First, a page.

2059341"Checkbook journalism?" That's so last week.
This week? It's all about "Gotcha Journalism."
A tempest in the sweltering DC teapot has developed this past week with regards to an investigative report in the upcoming issue of Harper's. Ken Silverstein, Harper's Washington Editor, has a piece called "Their Men In Washington" that is causing some consternation in the media circles … Or at least along those mediaphiles that aren't obsessing over a certain former jailbird.
In order to expose the depths and depravity of Washington, D.C.'s lobbyist community, Ken Silverstein decided to get … creative. Here's how he describes it in his own words:
My story in the July issue of the magazine details how two beltway lobby shops I approached, on the pretense that I represented a shady London-based energy firm with a stake in Turkmenistan, proposed to whitewash the image of that country's Stalinist regime.He whipped up some business cards, made a website, assumed a name and began the PR courtship process with the firms APCO Worldwide and Cassidy & Associates. His article (unfortunately available only to subscribers) is a fairly by-the-numbers accounting of the back and forth he engaged in with the lobby shops, which – it would be generous to say – were rather forgiving about Turkmenistan's less savory practices.
Silverstein found, unsurprisingly, that it seemed they wanted to work with him. He found that they were willing to organize tours for convincible politicians. He found that they proposed a rather typical media strategy, including op-ed placements and other attempts to generate news items about Turkmenistan. He found that they were available to do what we already know they do for clients – occasionally tuck their conscience in the attic for a check.
Which is something they've been doing for the better part of the last 100 years, as Silverstein admits early in his piece:
American lobbyists have worked for dictators since at least the 1930s, when the Nazi government used a proxy firm called the German Dye Trust to retain the public-relations specialist Ivy Lee.Now it's quite possible – and I invite readers to point this out – that I may be more unsurprised by this finding than most, having been Inside the Beltway for nearly my entire life. But is the discovery that PR flacks serve as schills for disagreeable clients really groundbreaking stuff worth hoodwinking somebody for?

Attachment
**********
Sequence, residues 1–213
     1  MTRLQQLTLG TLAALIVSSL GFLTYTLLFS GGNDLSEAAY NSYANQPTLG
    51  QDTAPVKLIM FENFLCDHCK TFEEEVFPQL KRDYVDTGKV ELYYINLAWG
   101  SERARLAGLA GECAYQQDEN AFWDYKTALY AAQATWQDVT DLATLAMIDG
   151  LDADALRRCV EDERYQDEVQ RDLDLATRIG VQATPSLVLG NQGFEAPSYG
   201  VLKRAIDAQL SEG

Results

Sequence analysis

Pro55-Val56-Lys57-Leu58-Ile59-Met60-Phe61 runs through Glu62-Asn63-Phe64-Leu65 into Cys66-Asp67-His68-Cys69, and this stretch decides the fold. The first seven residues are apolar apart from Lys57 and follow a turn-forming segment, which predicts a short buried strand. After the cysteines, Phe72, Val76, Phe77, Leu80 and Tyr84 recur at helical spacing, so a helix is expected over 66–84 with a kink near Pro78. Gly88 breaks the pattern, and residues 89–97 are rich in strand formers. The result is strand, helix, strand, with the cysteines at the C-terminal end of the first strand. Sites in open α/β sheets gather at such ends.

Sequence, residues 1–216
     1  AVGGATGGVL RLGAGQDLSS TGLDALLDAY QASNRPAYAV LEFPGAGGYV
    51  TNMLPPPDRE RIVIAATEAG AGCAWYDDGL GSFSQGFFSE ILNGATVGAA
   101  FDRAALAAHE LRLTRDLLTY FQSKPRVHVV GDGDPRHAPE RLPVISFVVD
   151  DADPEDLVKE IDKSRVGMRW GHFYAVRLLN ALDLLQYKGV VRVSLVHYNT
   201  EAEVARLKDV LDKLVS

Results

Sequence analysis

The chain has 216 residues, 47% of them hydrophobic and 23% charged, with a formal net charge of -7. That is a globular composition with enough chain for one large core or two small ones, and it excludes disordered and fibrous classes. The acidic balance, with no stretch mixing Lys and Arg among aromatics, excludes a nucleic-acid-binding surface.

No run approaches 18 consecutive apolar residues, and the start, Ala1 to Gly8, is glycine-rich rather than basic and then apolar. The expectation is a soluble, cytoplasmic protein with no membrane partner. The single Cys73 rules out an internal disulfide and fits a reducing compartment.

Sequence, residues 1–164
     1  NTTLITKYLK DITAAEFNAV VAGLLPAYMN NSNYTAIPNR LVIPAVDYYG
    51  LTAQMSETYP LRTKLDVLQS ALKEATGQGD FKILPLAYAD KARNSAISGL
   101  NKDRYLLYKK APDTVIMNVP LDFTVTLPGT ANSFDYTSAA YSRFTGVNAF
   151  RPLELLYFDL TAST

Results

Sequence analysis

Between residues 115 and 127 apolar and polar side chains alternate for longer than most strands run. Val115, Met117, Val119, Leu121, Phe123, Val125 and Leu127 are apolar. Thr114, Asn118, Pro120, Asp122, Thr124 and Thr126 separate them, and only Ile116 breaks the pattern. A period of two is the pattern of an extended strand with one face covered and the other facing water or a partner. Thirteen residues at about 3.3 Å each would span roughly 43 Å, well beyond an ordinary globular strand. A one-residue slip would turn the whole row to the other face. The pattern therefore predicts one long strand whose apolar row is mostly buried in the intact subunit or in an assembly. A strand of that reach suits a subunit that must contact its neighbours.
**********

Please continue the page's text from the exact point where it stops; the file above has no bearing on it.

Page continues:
In a conversation with the Washington Post's Howard Kurtz, Silverstein said:
"If you want to weigh my ethics in making up a firm against the ethics of agreeing to represent and whitewash the record of a Stalinist dictatorship, I'm pretty comfortable with that comparison."I can see his desire to bring disinfecting sunlight to the lobbying scene in Washington – it's truly nauseating. But a more above-the-board report and just as readable report could have been written. Silverstein could have spent the time and energy that he did with his cloak-and-dagger ruse and done a more comprehensive look at what major lobbyist groups in Washington are retained by particular countries with undistinguished human rights policies. He could've sat down with previous clients and former firm employees and pick their brains – therefore arriving at the same destination – without opening himself to people crying foul … and having a point. (True to form, APCO quickly put out a press release.)
When you're going to take the risky step into "Gotcha Journalism," you need to "Get" something. You need to uncover something that either can't be found out in any other way, expose hidden political corruption or a potential health threat. When you indulge in subterfuge to merely provide the conventional wisdom with a concrete example, that's when the cost – to the journalist, to the media outlet, to the media at large – isn't worth the benefit. This is deficit reporting – when the payback is far smaller than the cost.